Life on Mars, by Tracy K. Smith
After reading Tracy K. Smith’s eloquent open letter on LitHub to her fellow Black Americans, I thought I would go back and revisit the work that introduced me to her back in 2012: her Pulitzer Prize winning poetry
collection, Life on Mars, and it was as delightful reading it in 2020 as it was eight years ago.
Educated at Harvard and Columbia, nurtured at Stanford, currently teaching at Princeton – and after coming off a stint of being honored as Poet Laureate of the United States! – you might expect Tracy K. Smith’s poetry to be high strung and exclusive. But as the daughter of a space engineer who worked on the Hubble Telescope, her poems are instead full of wonder and a sense that we are a part of something much larger than ourselves, cosmically, internally, spiritually.
The first few pictures came back blurred, and I felt ashamed
For all the cheerful engineers, my father and his tribe. The second time,
The optics jibed. We saw to the edge of all there is –
So brutal and alive it seemed to comprehend us back.
Not only are her poems personal (such as one about a patient observing her psychologist) but her subject matter, unlike so many other collections, is elevated without being elite. Her poems encompass what most of us would talk about at a Sunday brunch among friends: family, space, love, injustice, pop culture, news headlines – and even pirates. Not the Disney version, the real-life pirates who make a living off those who make a living from the seas. She uses the medium of words and meter and lilt to go right to the heart of the matter, rather than dancing at the edges.
They have guns. They know the sea like it
Is their mother, and she is not well. Her fish
Are gone. She heaves barrels leaking disease
Onto the shores. When she goes into a fit,
She throws a curse upon the land, dragging
Houses, people to their deaths. She glows
In a way she should not. She tastes of industry.
No one is fighting for her, and so they fight.
Ok, maybe what most of us would talk about at a very intense Sunday brunch.
In a series of very poignant poems entitled “They May Love All That He Has Chosen and Hate All That He Has Rejected”, she takes five news reports from the New York Times wherein there has been a tragic and senseless death, and treats at them in a very precious and fragile and gut-wrenching way: the victims write postcards to their killers. Another poem seeringly takes on prisoner abuse in the Abu Ghraib prison, evoking words spoken by both a US Senator and pundit Rush Limbaugh, blending them into a scathing poetic narrative:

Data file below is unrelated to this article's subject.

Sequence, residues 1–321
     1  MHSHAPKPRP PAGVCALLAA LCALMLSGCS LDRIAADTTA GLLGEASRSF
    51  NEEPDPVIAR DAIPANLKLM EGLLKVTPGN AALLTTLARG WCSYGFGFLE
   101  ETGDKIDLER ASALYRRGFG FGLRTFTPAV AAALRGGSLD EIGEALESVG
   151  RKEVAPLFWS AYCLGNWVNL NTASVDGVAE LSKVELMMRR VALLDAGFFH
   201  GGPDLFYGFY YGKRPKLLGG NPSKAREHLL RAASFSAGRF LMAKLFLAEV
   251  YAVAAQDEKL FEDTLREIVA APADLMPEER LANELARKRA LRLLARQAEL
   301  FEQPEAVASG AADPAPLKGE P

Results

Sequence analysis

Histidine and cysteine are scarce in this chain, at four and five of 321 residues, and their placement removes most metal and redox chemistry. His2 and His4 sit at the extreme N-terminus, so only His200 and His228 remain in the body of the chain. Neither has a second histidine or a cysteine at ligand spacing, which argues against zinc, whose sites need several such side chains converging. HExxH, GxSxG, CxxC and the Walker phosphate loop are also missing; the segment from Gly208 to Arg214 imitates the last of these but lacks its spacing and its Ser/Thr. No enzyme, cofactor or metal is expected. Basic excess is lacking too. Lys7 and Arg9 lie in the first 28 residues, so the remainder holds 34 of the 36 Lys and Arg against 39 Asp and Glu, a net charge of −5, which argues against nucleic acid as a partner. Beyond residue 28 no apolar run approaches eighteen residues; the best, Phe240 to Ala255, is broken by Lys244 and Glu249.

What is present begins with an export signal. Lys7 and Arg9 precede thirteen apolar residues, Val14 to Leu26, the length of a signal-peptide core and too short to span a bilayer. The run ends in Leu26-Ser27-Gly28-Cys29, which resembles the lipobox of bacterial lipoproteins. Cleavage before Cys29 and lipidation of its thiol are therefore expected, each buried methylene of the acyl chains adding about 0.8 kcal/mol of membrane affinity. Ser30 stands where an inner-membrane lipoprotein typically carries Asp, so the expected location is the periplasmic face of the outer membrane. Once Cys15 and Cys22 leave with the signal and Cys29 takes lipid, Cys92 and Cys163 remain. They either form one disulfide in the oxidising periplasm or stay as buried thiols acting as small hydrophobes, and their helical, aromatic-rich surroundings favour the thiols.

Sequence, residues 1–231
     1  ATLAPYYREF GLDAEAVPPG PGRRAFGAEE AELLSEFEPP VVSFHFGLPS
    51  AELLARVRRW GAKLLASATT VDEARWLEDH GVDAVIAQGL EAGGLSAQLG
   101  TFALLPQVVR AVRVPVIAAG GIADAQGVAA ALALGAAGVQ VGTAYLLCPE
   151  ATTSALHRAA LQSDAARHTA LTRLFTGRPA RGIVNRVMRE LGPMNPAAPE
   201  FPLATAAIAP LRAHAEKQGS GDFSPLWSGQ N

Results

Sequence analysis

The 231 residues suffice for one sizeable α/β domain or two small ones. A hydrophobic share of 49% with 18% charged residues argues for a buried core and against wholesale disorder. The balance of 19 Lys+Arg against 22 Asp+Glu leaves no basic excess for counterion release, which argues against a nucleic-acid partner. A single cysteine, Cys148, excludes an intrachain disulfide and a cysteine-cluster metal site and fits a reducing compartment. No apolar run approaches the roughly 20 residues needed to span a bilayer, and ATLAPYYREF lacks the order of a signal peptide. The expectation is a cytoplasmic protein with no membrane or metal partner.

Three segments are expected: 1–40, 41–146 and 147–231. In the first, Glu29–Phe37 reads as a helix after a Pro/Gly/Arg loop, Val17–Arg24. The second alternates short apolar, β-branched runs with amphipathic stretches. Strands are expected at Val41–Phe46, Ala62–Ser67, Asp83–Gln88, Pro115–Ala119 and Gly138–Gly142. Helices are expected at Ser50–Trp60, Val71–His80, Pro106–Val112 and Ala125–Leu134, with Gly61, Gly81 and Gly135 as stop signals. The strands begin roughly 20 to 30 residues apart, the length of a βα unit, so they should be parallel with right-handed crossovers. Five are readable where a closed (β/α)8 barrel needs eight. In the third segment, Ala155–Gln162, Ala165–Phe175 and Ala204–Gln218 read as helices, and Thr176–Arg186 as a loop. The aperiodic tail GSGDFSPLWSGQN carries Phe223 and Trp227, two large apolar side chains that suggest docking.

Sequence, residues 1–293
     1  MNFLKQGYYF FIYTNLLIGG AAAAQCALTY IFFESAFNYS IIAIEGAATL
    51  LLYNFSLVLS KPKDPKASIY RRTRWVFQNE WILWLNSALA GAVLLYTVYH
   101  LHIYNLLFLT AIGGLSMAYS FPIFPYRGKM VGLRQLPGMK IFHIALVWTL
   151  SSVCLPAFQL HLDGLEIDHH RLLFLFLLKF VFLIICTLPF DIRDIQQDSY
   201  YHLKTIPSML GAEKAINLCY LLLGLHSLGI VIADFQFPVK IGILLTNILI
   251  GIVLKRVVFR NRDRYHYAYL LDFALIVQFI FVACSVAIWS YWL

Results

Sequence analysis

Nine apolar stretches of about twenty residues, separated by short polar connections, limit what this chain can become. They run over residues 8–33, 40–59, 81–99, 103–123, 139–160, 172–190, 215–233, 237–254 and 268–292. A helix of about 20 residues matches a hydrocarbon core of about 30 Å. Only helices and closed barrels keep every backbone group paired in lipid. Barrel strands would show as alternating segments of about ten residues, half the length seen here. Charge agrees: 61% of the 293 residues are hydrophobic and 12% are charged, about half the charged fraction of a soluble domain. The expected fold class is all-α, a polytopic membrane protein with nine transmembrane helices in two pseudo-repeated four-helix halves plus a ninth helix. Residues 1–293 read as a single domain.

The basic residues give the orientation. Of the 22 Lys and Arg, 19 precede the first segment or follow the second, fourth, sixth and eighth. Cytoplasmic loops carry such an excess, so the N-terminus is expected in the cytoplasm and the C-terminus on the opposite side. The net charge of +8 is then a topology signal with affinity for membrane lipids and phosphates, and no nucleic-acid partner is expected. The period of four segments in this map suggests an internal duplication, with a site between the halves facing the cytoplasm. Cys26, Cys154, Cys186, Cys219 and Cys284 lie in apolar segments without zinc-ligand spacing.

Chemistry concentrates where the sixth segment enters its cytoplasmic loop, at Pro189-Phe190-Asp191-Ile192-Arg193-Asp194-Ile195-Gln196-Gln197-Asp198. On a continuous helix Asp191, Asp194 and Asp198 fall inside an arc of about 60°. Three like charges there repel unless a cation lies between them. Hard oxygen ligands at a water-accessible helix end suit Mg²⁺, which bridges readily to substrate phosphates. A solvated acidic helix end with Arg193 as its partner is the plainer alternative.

Some of the prisoners were strung like beef
From the ceilings of their cells. “Gus”
Was led around on a leash. I mean dragged.
Others were ridden like mules. The guards
Were under a tremendous amount of pleasure.
I mean pressure. Pretty disgusting. Not
What you’d expect from Americans.
Just kidding. I’m only talking about people
Having a good time, blowing off steam.
These are powerful poems, ones that beg to be read and digested. Both personal and cosmic, spanning the expanse of space, taking what is wide and vast and making it graspable – these are not poems to read while sipping wine and nibbling brie as a string quartet plays in the background. These are poems to be read under the stars, with David Bowie playing in the background. These poems embrace the unknown, and laugh – sometimes in irony, sometimes in joy. They are well worth the time, even if you aren’t quite sure if poetry is your thing. No worries there. Take it from me – these are.